Most Americans, according to surveys, are part of the “investing class.” The proliferation of IRAs and 401(k) retirement accounts has created a large cohort of people who have a vested interest in following the stock market. But is this a good thing?
Frank Deford, one of the best sports writers in the business, once commented on how incongruous it was that in America it is legal to bet on stocks, about which most people know very little, but illegal to bet on sports, about which most people know quite a lot.
I sometimes imagine how it would be if college football teams were like publicly traded stocks, and the people who commented on them did so in the manner of financial analysts and stock-pickers. Here’s how I suppose the six stocks that comprise the SEC West stack up in the jargon of Wall Street:
The third and fourth quarters of 2009 are shaping up to be highly competitive for the companies comprising the SEC West Index [SEC-WX]. Louisiana State [LSU], which since 2001 has enjoyed its best earnings in odd-numbered years, has lost market share to Alabama [BAMA.] Both of these major companies can also expect significant competition from Ole Miss [REBS].
Arkansas [HAWGS] is still working to integrate a handful of new systems introduced by management, while new C-suite execs at Auburn [BARN] and Mississippi State [MSU-DOGS] are looking to turn earnings positive and emerge from Chapter 11.
Our current investment ratings for each of the companies in the SEC-WX, in their anticipated order of finishing following the holiday buying season, are:
Alabama: Strong Buy
Every well-managed portfolio should have a significant position in BAMA shares. Management is well aware of the company’s three-year, boom-bust cycle established by former CEOs Shula, Franchione and Dubose.
Analysts believe that current chief executive Nick Saban has the fundamentals in place that make such an occurrence a virtual impossibility in 2009. No other company in the index has a stronger brand identity or more committed customer base. For third straight year, customers turned out in record numbers for the spring showcase of new products.
Look for Alabama to compete with Florida [GATOR] for “Best In Class” in SEC Championship at Atlanta.
The Bayou Tiger still has a lot of growl and will present stiff challenges to all competitors during the regular buying season. Hosting Florida in Baton Rouge may be pivotal for the company’s chances to displace BAMA as the top performer in the index.
Erratic decision-making by CEO Les Myles continues to be the biggest drag on the company. Early-October meetings with Georgia [UGA] and Florida could create short-selling opportunities.
Ole Miss: Strong Buy
REBS is the best value stock in the index. CEO Houston Nutt has paid attention to recruiting and a marked improvement in talent is the reward for his efforts. Look for Ole Miss to field a much-improved product.
Finishing in the top spot on the index still remains a tall order for the company, but barring bad injury luck, REBS could challenge for No. 2 and/or be the team that puts a blemish on the record of the top finisher.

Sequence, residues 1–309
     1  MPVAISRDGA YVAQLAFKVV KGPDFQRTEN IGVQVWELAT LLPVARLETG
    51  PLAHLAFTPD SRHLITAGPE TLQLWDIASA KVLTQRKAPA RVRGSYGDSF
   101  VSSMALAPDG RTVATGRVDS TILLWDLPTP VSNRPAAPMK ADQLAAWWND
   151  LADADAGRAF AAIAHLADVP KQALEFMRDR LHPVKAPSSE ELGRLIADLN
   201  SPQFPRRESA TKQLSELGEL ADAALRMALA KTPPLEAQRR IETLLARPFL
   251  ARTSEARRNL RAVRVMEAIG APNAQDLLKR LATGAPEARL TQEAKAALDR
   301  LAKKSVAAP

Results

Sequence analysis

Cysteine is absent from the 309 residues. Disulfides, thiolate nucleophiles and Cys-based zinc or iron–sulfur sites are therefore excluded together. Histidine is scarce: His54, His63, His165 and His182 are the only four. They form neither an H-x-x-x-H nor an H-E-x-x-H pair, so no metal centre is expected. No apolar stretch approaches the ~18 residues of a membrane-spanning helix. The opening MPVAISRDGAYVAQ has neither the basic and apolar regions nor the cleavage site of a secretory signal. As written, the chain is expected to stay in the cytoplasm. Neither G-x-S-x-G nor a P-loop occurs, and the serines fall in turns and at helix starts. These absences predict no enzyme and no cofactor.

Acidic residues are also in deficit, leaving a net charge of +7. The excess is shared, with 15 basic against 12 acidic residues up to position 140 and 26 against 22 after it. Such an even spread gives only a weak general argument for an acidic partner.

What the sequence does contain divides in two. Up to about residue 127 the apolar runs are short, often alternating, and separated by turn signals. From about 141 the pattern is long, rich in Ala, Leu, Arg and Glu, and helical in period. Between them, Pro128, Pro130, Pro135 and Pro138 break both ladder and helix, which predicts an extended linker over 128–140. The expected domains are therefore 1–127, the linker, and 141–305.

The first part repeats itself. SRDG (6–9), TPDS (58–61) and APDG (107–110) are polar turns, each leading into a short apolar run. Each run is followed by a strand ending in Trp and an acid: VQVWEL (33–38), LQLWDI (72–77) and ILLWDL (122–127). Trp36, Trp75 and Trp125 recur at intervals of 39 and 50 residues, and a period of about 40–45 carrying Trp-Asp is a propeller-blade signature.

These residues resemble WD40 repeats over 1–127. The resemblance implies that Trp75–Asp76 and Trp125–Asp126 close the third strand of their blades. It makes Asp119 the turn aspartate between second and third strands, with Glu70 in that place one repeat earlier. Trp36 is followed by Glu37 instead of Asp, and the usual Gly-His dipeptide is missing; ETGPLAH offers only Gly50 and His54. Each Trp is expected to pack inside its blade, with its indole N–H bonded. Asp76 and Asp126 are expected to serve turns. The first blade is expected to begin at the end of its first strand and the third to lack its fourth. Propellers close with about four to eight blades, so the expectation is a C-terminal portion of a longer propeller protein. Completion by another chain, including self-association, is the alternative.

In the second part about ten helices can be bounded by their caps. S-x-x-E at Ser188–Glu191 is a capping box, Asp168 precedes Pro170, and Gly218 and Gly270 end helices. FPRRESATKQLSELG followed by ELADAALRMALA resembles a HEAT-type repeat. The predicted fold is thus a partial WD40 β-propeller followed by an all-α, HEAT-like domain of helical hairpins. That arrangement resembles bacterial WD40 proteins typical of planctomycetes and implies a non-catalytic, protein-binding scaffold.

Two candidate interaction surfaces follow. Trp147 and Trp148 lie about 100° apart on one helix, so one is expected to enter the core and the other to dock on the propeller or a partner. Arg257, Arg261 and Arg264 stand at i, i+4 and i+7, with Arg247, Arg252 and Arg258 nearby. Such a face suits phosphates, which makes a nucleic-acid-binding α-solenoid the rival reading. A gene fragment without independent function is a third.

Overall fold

Investors who have no HAWGS ought to take a modest position in Arkansas as a hedge against disappointing performance by other companies that boast of a brighter earnings forecast. HAWGS has to deal with very poor schedule luck and must face both UGA and GATORS from the East Index. The contest with Georgia comes as the second game of the season and is the first of a six-game run that also includes Alabama, Florida, Ole Miss and Texas A&M.
The only bright spot in this stretch between Sept. 19 and Oct. 24 is the Oct. 10 contest with Auburn. Despite the challenges facing the HAWGS, second-year CEO Bobby Petrino will deliver a competitive product and the company will give a good account of itself in every competition.
If you still have any of these shares in your portfolio, sell them now before trading is suspended amid rumors of an impending restatement of earnings.
Chaos on the Board at the end of 2008 resulted in the hasty and ill-considered replacement of long-term CEO Tommy Tuberville [career earnings 110-80] with the unspectacular Gene Chizik [career earnings 5-19].
“Tubs” had his detractors among his customer base, and since 2003 never enjoyed anything more than an uneasy truce with the board after directors clumsily tried to replace him. But the fact remains that where it counts, Tuberville produced better results on the Plains than any other CEO since “Shug” Jordan.
Mississippi State: Delisted
The MSU-DOGS directors made the decision to fire CEO Sylvester Croom and put the company into Chapter 11 at the end of 2008. It is highly doubtful that first-year CEO Dan Mullen will be able to return the company to profitability. More importantly, however, is the question whether the board of directors, and customer base, will accept the inevitable conclusion that their product appeals only to a niche market and adjust their expectations of profitability accordingly.
Croom brought integrity back to the company’s financial statements after the “creative accounting” of disgraced former CEO Jackie Sherrill. Meanwhile, Sherrill is pursuing litigation against investigators employed by the college football regulatory body claiming that they and the regulatory process they oversaw was corrupt. No doubt investors across the nation sympathize with Sherrill’s contentions. Even an imperfect messenger can make a valid claim.